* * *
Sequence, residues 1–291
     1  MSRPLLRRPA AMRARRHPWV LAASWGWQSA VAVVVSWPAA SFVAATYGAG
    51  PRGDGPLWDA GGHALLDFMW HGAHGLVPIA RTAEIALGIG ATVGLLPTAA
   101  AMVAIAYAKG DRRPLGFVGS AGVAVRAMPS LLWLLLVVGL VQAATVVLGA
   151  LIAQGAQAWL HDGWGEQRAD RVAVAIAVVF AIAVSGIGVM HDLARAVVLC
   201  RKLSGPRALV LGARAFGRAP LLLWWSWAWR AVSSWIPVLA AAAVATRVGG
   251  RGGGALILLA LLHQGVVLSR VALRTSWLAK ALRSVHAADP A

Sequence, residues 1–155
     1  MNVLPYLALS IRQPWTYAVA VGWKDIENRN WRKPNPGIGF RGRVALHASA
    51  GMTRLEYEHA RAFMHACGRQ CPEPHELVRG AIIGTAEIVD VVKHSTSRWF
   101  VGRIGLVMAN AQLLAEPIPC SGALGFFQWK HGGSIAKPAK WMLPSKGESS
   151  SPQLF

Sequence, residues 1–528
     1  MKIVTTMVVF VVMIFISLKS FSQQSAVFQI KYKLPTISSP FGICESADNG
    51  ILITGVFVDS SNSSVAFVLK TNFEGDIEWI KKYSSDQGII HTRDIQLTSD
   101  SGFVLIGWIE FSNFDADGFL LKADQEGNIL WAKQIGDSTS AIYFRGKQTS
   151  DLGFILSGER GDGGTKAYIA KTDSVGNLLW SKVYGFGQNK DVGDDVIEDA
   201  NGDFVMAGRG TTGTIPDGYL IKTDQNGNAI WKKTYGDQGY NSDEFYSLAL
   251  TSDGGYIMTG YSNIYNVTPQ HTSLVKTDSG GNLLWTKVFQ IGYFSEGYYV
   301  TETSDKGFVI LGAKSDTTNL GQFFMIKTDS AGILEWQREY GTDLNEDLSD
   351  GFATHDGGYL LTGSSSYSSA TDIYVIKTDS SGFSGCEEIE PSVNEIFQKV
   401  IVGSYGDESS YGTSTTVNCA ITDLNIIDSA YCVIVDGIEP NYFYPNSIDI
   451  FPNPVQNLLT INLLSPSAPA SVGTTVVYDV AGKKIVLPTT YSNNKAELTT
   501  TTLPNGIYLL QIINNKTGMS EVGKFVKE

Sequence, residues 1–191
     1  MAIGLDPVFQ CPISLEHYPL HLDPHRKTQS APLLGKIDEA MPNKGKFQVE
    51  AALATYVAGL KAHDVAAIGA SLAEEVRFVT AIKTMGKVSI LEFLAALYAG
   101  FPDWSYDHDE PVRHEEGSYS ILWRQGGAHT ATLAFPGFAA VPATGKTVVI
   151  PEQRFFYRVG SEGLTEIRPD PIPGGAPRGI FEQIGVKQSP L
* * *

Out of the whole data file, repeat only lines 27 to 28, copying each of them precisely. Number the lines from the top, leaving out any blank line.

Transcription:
    51  AALATYVAGL KAHDVAAIGA SLAEEVRFVT AIKTMGKVSI LEFLAALYAG
   101  FPDWSYDHDE PVRHEEGSYS ILWRQGGAHT ATLAFPGFAA VPATGKTVVI